Mr. Smith said the proposed ordinance is set up to say if someone violates it, the resident or the township may bring the offender to court in a civil action and if the complainant can prove that the ordinance has been violated, the ordinance may provide them with a better chance to succeed.


Mr. Smith said the ordinance applies only to residential districts and small lots (2 acres or less) in agricultural districts, based on case law establishing reasonable property sizes that a person can be expected to monitor. The case law seems to say it is unreasonable for a farmer with 100 acres to be expected to monitor all the plantings on their property.


Ms. Andrea Strout, Mill Road, said a woman who lives on Street Road came to the Buckingham Township Environmental Advisory Commission’s meeting recently and talked about this problem. Ms. Strout said she is aware of several municipalities in Bucks and Montgomery Counties who have bamboo ordinances, and asked if this ordinance is based on one of them.


Mr. Smith said he had reviewed all of the ordinances and took parts of them that were appropriate for Buckingham Township, along with recognizing Buckingham has both residential and farm communities.


Ms. Strout offered the Environmental Advisory Commission’s services to review the proposed ordinance if it would be helpful. Mrs. Cozza said she would email it to the chairman.


The Board felt that the ordinance should include a bamboo restriction, not a complete prohibition as that sounds unenforceable, and agreed on the residential and small lots in agricultural district restrictions. Mr. Forest clarified the ordinance will provide 3 paths, it gives the township a civil and criminal path, and gives the residents a civil path.


Mr. Smith clarified then that the draft would be provided to the Environmental Advisory Commission for review and comments, he will make the changes discussed this evening, the matter will be re-discussed at the next work session, and then the ordinance will be advertised and considered for adoption in March.


Buckingham Advisory Network (BAN)


Chief Gallagher proposed an expansion of the current BAN program which the Buckingham Township police began in 2017 by setting up an independent charitable organization (501C3) so that people who want to contribute money towards various crime prevention programs and other community involvement/participation events can do so. Chief Gallagher said people can also contribute their time to help run the programs. He said the current BAN program concentrates mostly on prevention of drug use and drug diversion, and the activities have been successful but are reaching the same audience. He said the goal is to use BAN to prevent and divert younger kids from drug using, and make it preventative in nature. He said Big Brothers / Big Sisters have expressed interest in partnering in the BAN program, BAN has assistance with the legal aspect of setting up the organization, and Our Lady of Guadalupe has offered use of their facility. Chief Gallagher said some of the expenses of setting up the organization include a $400 newspaper advertisement fee and rental of a P.O. Box for use as an address. He said there would be an annual $50,000 cap limit on donations/contributions.


Mrs. Cozza added this program is above, apart and beyond the Township DARE program and other community policing programs that will continue.


Mrs. Rash said she appreciated the energy going towards prevention. Mr. Calderaio and Mr. Forest also expressed their appreciation.


Ms. Shannon Sticker, Kavan Court, asked if high schools would be reached out to on this, and if it would be limited to Buckingham residents as the school lines cross outside of our township. Chief Gallagher replied yes, with the mission written up as “Buckingham Community”, with all students who attend the schools in Buckingham included.


7:10 p.m. The Board retired into Executive Session to discuss personnel matters involving police department negotiations.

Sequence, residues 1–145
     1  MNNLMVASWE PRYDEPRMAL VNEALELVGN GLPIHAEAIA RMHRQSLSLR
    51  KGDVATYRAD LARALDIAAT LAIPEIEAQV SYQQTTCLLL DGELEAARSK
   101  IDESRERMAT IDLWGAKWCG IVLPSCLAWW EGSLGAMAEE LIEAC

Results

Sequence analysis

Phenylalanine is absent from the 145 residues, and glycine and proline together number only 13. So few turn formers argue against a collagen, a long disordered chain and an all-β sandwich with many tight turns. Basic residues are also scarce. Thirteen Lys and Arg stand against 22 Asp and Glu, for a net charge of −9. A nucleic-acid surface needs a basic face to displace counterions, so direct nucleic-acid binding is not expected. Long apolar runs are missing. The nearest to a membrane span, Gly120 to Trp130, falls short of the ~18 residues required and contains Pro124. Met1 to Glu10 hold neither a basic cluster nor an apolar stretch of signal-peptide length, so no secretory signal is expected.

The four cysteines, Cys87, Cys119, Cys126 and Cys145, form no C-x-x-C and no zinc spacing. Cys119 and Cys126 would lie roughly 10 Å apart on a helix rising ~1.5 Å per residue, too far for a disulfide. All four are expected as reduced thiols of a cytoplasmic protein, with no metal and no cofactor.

7:30 p.m.The Work Session adjourned.


8:45 p.m. The Work Session resumed.


Fenton’s Corner, Township File SA 2013-03


Mr. Ernie Werner and Mr. Steve Sweet, Toll Brothers, were present to request a change of the approved plan so that more of the townhomes could be designed with a side entrance, rather than a front entrance.  Mr. Werner said they are experiencing an older demographic who prefer the first-floor master bedroom layout, which Toll only offers with a side entry. Mr. Werner said it would be difficult to design a unit including a first-floor bedroom with the front door entrance as it would limit the size of the bedroom.  He thanked Mr. Gray and Mrs. Rash for visiting the site, and was agreeable to their suggestion for a porch to be placed on the front of the house, with a front door from the porch into the master, thereby keeping the village feel. Mr. Werner said there would not be an entrance onto the porch from the street, so there would not be confusion over the entry location. Mr. Werner also proposed a variation in the elevations to lessen a cookie-cutter image.


Mr. Gray said they had also discussed there must be at least one dormer and one gable in each row of townhomes if they were given the ability for a front porch “feature”, adding that right now there is no such restriction.


Mr. Werner provided a site plan showing the layout of the townhomes, and Mrs. Rash specified certain locations where she would prefer the potential entrance change from front to side.  


Mr. Werner explained that they are experiencing a slow market and are giving elevators away to second floor bedrooms to get sales. He said Toll is taking a hit and they want to generate sales. Mr. Werner said they may potentially finish Phase 1 and Phase 2 to get the sewer plant working, but potentially not develop Phase 3. Mr. Smith verified there are provisions in the agreements not to leave a mud hole. Mr. Gray said there is a requirement that 50% of the units have to be under construction in the first phase before they may start the next phase.


The Board agreed that, depending on what future homeowners want, there could be up to 9 additional carriage units (twins) or townhouse units that have frontage along the village greens that would be permitted to be changed from the approved front entry units to side entry units, conditioned upon all additional side entry units being provided with a “front porch feature”. This feature could include the front porch with limited access to the first-floor bedroom(s) or other alternatives acceptable to the Township. Mr. Gray said he would write up the details as discussed.


Buckingham Township Newsletter